House Jews And Field Jews

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I never liked Malcolm's "House Slave/Field Slave" dichotomy, or the attendant notion that the underclass would be the most revolutionary. Sometimes the underclass is the most conservative. It follows from the whole nobility of oppression bit. It also ignores the fact that the privileged class, having seen what's possible and having been availed some education, are often the most troublesome. There's a diary entry, which Bruce Levine quotes from in Confederate Emancipation, where a white mistress notes that seemingly the first slaves to run for Union lines, are the ones they hold in the most esteem.

That's beside the point of this post. Adam sees parallels between the House Slave/Field Slave analogy and the criticism of lefty Jews:

What makes this kind of argument particularly interesting however, is how much it resembles intraracial arguments between black folks about loyalty and authenticity. In the eyes of those who support all of Israel's actions uncritically, the "Juicebox Mafia" are "House Jews": Jews whose positions on Israel are motivated by their internalizing longstanding anti-Semitic myths and identifying with those who seek to oppress the Jewish people. These Jewish conservatives are, ironically enough, embracing the same kind of bare-knuckle identity politics as the blacks they love to hate...

As Randall Kennedy writes in his 2008 book "Sellout," there should be a high threshold for accusations of racial betrayal. Accusations of selling out should be reserved for those who actively work against the interests of the community--not those who simply disagree about what is in the group's best interest. Those who accuse Jewish liberals of "self-hatred" aren't offering insight. They most resemble what Glenn Loury calls those "self-appointed guardians of racial virtue" in the black community who enforce a dangerous and enervating form of "black political correctness." Like black partisans who accuse any conservative black intellectual of being a "sellout," the Juicebox Mafia's detractors are simply trying to shut down debate over Israel's actions, which is hardly in the long-term interest of Israel or the Jewish community in the Diaspora.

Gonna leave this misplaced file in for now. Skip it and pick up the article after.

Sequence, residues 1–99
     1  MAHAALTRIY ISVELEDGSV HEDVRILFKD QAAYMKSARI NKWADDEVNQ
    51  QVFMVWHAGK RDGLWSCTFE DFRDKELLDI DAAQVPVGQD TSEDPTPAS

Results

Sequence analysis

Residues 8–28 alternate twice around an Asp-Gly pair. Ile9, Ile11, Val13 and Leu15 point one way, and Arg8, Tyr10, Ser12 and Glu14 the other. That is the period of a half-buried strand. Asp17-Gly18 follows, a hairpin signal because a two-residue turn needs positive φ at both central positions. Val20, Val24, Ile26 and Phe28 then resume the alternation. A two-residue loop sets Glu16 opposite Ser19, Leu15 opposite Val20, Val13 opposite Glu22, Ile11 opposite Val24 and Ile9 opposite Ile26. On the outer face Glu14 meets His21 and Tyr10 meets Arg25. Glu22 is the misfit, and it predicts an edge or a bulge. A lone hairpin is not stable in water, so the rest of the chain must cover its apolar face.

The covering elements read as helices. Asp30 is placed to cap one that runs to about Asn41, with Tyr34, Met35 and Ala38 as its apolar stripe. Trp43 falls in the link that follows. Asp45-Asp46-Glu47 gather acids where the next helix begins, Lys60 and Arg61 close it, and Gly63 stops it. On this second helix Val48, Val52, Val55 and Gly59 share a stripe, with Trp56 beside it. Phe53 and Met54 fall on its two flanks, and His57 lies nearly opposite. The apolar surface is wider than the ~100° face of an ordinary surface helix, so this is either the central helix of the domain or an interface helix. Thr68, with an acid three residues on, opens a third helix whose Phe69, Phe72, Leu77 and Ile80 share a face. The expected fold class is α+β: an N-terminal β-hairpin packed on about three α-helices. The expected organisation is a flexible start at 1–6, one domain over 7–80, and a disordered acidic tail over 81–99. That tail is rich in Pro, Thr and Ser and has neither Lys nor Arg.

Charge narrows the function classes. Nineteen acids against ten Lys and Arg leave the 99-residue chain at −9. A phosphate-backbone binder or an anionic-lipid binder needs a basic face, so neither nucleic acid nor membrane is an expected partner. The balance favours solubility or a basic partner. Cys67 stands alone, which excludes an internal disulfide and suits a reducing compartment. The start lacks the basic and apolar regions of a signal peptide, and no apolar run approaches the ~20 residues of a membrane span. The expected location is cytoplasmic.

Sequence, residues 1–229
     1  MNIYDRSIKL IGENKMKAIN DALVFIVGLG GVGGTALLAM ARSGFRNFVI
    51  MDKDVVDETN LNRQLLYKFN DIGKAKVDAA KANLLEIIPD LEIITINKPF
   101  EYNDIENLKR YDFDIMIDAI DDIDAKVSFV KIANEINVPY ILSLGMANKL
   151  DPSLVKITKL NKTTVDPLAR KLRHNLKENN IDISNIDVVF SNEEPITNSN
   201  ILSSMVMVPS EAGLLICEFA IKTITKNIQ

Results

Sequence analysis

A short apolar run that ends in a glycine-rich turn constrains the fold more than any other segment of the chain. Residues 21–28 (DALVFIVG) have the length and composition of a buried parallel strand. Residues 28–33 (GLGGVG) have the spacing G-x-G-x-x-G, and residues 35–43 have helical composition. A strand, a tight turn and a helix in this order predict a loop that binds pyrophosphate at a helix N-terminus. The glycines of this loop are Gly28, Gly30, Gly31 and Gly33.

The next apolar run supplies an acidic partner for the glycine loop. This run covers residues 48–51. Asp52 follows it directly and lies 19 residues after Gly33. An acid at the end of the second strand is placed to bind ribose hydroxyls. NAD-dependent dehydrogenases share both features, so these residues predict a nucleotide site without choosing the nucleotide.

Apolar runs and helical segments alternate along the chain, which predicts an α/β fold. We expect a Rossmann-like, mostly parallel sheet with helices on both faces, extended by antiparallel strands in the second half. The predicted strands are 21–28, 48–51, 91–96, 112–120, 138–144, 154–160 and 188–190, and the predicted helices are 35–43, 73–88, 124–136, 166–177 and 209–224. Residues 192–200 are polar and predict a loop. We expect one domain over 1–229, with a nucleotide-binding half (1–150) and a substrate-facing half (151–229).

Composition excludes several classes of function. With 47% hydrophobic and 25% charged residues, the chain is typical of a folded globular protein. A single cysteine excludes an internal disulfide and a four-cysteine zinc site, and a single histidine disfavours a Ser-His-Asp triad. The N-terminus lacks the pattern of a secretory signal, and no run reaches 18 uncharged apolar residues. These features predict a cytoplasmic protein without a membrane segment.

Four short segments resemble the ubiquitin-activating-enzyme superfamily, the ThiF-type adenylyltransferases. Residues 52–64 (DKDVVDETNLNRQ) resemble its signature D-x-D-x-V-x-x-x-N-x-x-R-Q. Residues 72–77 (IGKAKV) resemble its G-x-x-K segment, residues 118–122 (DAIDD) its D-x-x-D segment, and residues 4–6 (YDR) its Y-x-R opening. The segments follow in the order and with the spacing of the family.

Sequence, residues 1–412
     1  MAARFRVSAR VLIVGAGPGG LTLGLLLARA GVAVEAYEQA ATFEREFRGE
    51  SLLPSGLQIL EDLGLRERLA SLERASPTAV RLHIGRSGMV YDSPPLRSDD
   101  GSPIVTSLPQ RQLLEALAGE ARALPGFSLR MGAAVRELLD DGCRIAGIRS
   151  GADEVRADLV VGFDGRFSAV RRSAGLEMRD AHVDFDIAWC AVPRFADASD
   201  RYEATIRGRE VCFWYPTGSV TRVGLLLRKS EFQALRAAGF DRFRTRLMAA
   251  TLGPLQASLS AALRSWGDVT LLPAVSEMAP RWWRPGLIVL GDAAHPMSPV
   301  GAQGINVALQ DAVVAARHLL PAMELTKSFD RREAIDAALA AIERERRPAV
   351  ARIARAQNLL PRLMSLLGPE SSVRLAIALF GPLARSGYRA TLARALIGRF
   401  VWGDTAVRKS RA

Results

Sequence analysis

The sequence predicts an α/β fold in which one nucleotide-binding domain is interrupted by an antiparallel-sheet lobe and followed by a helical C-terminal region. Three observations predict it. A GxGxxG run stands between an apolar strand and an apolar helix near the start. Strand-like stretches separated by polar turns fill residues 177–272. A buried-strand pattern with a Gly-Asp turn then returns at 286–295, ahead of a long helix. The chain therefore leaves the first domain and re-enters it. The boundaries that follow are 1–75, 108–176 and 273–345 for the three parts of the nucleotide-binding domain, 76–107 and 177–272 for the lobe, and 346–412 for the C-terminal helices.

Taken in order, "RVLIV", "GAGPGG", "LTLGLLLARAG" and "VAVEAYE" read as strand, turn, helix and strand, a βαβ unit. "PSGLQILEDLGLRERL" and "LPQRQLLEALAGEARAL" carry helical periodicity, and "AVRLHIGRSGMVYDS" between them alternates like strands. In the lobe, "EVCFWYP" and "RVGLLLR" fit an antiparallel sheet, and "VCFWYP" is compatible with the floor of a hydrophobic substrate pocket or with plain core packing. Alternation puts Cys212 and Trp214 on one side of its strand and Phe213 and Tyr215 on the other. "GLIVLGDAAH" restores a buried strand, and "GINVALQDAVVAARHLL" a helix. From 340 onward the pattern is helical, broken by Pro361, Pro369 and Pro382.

I think this is about how nationalism always works--there's a line from House Slave to Juicebox Mafia to Swiftboating. Nationalism relies on essentialism. Thus there always is great temptation among nationalist (of all stripes) to dismiss their adversaries as, not simply people they disagree with, but people who endanger their very existence.

But that's not the real problem. The real issue is a shocking lack of imagination among the Jewish people. Seriously, how could those who gave us Phillip Roth and Michael Chabon also give us a phrase as unliterary, and unevocative as "Juicebox Mafia?"

We blacks have our problems. But we have long set the bar for how to demonize other black people who you don't agree with--"Oreo," "Uncle Tom." "House Slave," "Michael Steele." These are phrases that sting, visceral and poetic. In light of our sacred alliance, you guys can't do better than Juicebox Mafia? Weaksauce. It sounds like the name of a gaggle of overweight first-graders in a Pixar movie.

Whatever happened to "Self-Loathing Jew?" That one was so great I started calling black people I didn't like "Self-Loathing Jews."

Wait.

Was that anti-Semitic? Can I not say that? Was I not supposed to say that??

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Ta-Nehisi Coates is a national correspondent at The Atlantic, where he writes about culture, politics, and social issues. He is the author of the memoir The Beautiful Struggle.

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